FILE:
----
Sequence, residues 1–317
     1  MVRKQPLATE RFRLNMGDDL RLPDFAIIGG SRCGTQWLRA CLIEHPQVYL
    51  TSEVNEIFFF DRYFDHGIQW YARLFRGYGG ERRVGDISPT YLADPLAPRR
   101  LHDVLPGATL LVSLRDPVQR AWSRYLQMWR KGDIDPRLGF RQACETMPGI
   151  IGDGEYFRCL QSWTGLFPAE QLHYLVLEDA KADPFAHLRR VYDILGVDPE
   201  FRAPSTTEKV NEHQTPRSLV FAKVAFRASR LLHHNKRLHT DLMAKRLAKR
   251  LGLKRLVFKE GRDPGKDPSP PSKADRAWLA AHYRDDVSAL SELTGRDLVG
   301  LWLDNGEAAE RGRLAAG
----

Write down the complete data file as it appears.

Sequence, residues 1–317
     1  MVRKQPLATE RFRLNMGDDL RLPDFAIIGG SRCGTQWLRA CLIEHPQVYL
    51  TSEVNEIFFF DRYFDHGIQW YARLFRGYGG ERRVGDISPT YLADPLAPRR
   101  LHDVLPGATL LVSLRDPVQR AWSRYLQMWR KGDIDPRLGF RQACETMPGI
   151  IGDGEYFRCL QSWTGLFPAE QLHYLVLEDA KADPFAHLRR VYDILGVDPE
   201  FRAPSTTEKV NEHQTPRSLV FAKVAFRASR LLHHNKRLHT DLMAKRLAKR
   251  LGLKRLVFKE GRDPGKDPSP PSKADRAWLA AHYRDDVSAL SELTGRDLVG
   301  LWLDNGEAAE RGRLAAG